This article uses a common format in Forbes where we follow an individual who just happens to have a product to sell. The story is lightly researched, and told in a way that seems to suggest that innovation comes from white guys.
Still, I’m sharing it because it’s a mainstream discussion of ActivityPub and Scuttlebutt, protocols that underpin federated social networks. Linking to places like planetary.social also normalises the true meaning of ‘community’ as an active verb rather than a passive noun, as well as the notion of co-operatives.
While the original, aborted version of a decentralized Twitter was built using the same messaging standard as Google Cloud Messaging and Facebook Chat, a number of technical innovations have recently surfaced, enabling an even more open and decentralized architecture. In January 2018, early blockchain-based social network Steemit exploded to its peak of about a $2 billion market value and Henshaw-Plath took his first job at a blockchain startup, seeking to learn from the inside about the technology that connects people without middlemen.
Though blockchains’ decentralized infrastructures might seem perfect for connecting friends on a social network, Henshaw-Plath was eventually turned off by their reliance on cryptocurrency. “Our feeling was that the primary social interaction should be based on intrinsic motivation,” says Henshaw-Plath. “If you integrate financial incentives into everything, then it can make it into a financial game. And then all of a sudden, people aren’t there because of their human connection and collaboration.” Users, it would seem, agree. Steemit fell 94% from its all-time high to about $107 million today.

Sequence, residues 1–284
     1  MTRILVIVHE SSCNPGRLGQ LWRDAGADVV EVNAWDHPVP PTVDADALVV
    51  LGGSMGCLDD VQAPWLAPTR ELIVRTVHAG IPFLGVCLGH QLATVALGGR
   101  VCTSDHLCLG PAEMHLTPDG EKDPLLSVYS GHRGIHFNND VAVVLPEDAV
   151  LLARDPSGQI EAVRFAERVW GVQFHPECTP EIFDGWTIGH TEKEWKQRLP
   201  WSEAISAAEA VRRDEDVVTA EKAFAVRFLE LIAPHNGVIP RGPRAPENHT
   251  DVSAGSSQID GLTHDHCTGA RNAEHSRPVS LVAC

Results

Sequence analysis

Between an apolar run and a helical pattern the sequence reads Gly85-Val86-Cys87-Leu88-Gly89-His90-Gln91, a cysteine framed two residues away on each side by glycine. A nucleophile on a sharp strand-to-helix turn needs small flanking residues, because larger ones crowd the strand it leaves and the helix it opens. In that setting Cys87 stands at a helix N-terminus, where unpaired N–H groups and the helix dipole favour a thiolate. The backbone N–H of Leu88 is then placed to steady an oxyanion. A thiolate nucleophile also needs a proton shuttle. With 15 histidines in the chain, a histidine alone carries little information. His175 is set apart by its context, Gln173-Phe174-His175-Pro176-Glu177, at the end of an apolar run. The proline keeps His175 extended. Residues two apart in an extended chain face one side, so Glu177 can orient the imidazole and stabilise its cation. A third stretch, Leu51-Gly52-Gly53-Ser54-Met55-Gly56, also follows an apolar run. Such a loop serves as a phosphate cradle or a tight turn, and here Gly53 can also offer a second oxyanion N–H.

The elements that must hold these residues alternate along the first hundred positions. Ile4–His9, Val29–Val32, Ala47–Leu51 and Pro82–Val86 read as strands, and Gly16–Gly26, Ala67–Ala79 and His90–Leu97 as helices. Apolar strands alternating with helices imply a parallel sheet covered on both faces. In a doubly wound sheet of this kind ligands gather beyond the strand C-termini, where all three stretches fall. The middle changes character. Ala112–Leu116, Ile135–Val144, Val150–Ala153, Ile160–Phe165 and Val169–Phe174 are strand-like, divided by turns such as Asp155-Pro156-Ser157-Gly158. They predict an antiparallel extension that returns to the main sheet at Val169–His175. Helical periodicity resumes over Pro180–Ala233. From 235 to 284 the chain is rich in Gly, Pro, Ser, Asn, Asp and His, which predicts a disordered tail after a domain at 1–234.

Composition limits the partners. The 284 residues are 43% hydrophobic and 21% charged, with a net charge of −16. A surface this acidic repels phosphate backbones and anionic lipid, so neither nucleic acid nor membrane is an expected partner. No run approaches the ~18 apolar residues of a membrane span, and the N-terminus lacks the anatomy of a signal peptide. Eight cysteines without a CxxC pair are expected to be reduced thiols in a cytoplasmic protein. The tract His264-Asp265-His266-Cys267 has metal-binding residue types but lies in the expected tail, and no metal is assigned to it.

Henshaw-Plath started looking for alternatives. “Eventually,” he says, “I discovered a protocol created by this guy who lives on a sailboat in New Zealand.”
That is Dominic Tarr, an eccentric, open-source developer who lives just off the coast of Auckland on a Wharram catamaran named Yes Let’s he found on the side of a road. Tired of being unable to send emails to his friends from his Pacific Ocean location, Tarr wrote software that uses technology similar to Apple’s Airdrop to create a protocol that lets anyone build social networks where information moves like gossip, directly from phone to phone—no internet service provider required.
Entrepreneurs using the protocol get to choose their own business models, their own designs and how their systems function. Users, meanwhile, can move freely from network to network. Tarr called the software Secure Scuttlebutt after the cask that stored water on old sailboats, which is also maritime slang for “gossip,” as in conversations held around a water cooler. “Modern capitalism believes that what people want is convenience,” says Tarr. “But I think what people actually want is a sense of control.”
Scuttlebutt itself isn’t supported by venture capital. Instead, taking a page from the way Tim Berners-Lee funded the creation of the World Wide Web, Scuttlebutt is backed by grants that helped jump-start the process. Similar to a distributed autonomous organization (DAO) that connects groups on a blockchain, there are now hundreds of users who personally donate to the cause and an estimated 30,000 people using one of at least six social networks on the protocol. An estimated 4 million more use the largest social protocol, Mastodon, which supports 60 niche social networks, with a rapidly growing pool of blockchain competitors in the works.